If the purpose of the Firehose is to vet articles, it's not doing a good job.

    • Re:Bad Article (Score:4, Interesting)

      by Cutie Pi (588366) on Monday August 04, 2008 @08:50AM (#24465093)

      If the purpose of the Firehose is to vet articles, it's not doing a good job.

      I don't think the purpose of Firehose is to vet articles. Rather, it's a way for Slashdot to become more Digg-like, and Digg-like content is what we get. Seriously, go back five, even two years ago and try to find front page stories in which some random person writes "I've written a controversial article on X. Click here to see my thoughts". You won't find many, but now you can find them almost daily on Slashdot. And along with the Digg-like content comes the Digg-like users, with all their conspiracy theories, hyperbole, immaturity, and general teenage boy mentalities that has driven away all but said demographic from Digg.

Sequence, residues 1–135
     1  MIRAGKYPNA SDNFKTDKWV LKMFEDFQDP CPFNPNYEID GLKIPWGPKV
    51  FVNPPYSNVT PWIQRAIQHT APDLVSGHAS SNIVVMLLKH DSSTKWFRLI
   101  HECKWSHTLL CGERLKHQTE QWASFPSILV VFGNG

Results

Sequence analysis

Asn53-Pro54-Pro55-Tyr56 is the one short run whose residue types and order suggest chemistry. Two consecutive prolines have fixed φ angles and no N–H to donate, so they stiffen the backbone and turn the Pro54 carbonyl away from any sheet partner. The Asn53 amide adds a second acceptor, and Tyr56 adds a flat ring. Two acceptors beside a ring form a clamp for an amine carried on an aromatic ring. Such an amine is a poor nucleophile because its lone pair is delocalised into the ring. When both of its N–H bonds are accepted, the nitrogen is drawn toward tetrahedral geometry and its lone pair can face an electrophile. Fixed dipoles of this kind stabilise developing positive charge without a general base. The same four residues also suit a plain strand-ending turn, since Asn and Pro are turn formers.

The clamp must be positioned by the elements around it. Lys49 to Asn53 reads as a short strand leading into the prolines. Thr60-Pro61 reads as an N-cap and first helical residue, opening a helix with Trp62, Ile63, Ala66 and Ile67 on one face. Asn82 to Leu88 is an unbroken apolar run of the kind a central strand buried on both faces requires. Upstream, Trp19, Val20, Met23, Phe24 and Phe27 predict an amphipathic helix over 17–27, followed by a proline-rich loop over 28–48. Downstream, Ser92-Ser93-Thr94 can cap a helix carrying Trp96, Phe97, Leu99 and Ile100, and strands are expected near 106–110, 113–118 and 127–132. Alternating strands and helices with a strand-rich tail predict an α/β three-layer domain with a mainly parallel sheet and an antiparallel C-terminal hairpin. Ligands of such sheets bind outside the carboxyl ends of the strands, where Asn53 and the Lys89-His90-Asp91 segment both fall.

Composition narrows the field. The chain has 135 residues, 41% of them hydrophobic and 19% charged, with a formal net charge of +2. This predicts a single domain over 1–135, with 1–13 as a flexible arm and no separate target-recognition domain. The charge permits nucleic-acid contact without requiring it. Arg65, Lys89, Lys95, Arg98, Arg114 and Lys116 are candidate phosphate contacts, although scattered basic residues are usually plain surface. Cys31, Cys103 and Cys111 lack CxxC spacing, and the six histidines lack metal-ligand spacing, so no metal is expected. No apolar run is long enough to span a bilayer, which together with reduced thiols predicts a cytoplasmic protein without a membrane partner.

Fortunately, Firehose is only a gateway to the editors, and not a direct route to the front page. Thus, the decline of Slashdot has been more gradual than the decline of Digg. But you'd be hard pressed to find a true geek that isn't longing for the good old days.

      And oh yeah, Get Off My Lawn!!

  • Mozilla is correct (Score:5, Insightful)

    by Antibozo (410516) on Monday August 04, 2008 @08:27AM (#24464851) Homepage

    I think the author makes Mozilla's case for them, by not appearing to understand the risks, especially at a time when DNS cache poisoning has become unusually feasible. E.g., the statement

    Snooping a connection (i.e. on a wireless link) is much easier than any of the impersonation attacks that SSL authentication prevents.